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    Lower Level Roomette

    Until my last trip I was always on the upper level--and was initially a little miffed to find I was assigned a lower-level room from DC to Montana, but ended up really liking it. I didn't feel like much was lost view-wise (and was in the lounge for most of the best parts anyway), liked quick access to the bathrooms and shower, and it was easy to step off at longer stops... though it can get a little noisy if the family room is occupied.
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    Boarding Coach in Pittsburgh

    In coach there's often a separate train car (or close to a full car) assigned for people detraining in Pittsburgh, so there may be quite a few seats opening up when you board. (When I took the CL a few years ago, boarding in Washington the coaches were divided between Pittsburgh, Ohio/Indiana, and Chicago.) You may be assigned a seat or given a choice. If you're by yourself and strike up a conversation at the station, you might also find someone you're comfortable sitting with as opposed to seeing whoever ends up next to you.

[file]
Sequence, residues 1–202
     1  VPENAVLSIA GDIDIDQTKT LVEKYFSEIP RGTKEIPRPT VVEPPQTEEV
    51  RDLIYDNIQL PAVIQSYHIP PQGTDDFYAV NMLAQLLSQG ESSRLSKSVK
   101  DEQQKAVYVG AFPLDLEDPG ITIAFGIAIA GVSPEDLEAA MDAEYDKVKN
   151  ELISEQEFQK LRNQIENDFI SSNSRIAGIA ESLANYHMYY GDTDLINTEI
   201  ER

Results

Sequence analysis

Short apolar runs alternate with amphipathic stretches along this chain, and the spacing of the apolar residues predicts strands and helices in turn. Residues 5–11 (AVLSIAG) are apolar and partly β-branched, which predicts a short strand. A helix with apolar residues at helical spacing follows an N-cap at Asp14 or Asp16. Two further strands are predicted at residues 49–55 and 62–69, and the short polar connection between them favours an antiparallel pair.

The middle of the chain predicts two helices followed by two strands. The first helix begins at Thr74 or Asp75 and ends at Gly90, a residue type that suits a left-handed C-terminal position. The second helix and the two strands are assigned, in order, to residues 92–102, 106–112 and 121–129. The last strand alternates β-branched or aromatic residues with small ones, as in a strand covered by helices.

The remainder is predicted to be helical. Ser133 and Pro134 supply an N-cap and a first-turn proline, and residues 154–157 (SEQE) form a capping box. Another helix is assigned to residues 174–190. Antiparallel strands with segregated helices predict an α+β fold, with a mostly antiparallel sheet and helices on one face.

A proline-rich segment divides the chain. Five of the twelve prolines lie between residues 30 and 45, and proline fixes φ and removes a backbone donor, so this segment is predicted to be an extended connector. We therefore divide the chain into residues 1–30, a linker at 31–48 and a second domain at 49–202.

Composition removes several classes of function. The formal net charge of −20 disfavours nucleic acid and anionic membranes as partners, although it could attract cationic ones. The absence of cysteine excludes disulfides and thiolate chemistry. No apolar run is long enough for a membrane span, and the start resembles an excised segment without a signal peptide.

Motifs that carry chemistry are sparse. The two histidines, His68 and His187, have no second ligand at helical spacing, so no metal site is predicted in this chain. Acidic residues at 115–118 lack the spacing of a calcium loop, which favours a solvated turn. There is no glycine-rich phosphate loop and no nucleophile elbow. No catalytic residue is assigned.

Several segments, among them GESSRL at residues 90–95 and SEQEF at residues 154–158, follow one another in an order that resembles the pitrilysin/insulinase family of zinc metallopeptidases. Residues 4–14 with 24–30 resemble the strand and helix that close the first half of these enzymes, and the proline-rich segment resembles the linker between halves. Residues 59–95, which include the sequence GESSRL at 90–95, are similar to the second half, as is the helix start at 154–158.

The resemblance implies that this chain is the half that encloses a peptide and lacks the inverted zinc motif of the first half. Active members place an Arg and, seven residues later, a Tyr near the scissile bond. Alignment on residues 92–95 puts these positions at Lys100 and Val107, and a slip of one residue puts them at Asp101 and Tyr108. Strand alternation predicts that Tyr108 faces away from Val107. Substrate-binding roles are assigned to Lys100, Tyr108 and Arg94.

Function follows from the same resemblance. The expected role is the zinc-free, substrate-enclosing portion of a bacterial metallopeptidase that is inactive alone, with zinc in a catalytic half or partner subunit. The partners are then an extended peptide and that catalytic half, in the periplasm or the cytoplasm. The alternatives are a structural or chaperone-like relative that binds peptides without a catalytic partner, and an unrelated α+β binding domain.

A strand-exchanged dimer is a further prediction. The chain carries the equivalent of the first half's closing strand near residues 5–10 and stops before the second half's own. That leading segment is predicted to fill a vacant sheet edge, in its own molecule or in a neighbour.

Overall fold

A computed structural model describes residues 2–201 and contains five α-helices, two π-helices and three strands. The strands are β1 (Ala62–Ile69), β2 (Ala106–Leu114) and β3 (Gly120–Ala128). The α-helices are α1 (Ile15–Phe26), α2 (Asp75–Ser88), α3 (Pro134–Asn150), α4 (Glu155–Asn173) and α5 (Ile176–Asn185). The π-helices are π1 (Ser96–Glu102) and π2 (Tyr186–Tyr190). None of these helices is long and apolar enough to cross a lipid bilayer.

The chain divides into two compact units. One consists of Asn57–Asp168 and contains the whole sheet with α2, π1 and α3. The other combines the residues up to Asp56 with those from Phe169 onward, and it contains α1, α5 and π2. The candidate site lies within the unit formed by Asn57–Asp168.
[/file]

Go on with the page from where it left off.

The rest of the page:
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    Izaak Walton Inn, Essex Montana

    I stayed one night at the Inn this July (arrived on the westbound EB one night and left the next night) and really enjoyed it--I wouldn't say service was lacking as much as they just seemed a bit understaffed, and that took a little patience. Plus, they had to explain repeatedly about the phones, Wifi, etc. as some people had (for whatever reason) expected to be well-connected there. In addition to the Red Bus tours I would call Glacier Park Sun Tours and see if they are operating/will pick up at the Inn (it depends on availability). Sun Tours is a company owned by the Blackfeet Tribe that does its own Going to the Sun Tour from the local perspective, and our tour also drove through Browning and the reservation a bit too which was a neat experience.
  11. I'd second the Alexandria plan (as someone who lives there)--it's a great option. And, it's not necessary to go to WAS to board the southbound Meteor or Star, as they both stop in ALX, though it would be close to last call for dinner on the Meteor. The only plus going up to WAS is waiting in the lounge and/or getting a red cap if you need it, but it typically takes 30-40 minutes on the metro or at least 20 minutes driving to get there. Richmond parking can be a mess, and the station's nothing fancy (I think it was the original Amshack?), but on a nice day there's an outdoor patio area where you can sit and watch the trains. I don't know anything about Petersburg. If the parking is convenient that could be a good choice although (at least from the train) the area looks a little depressed.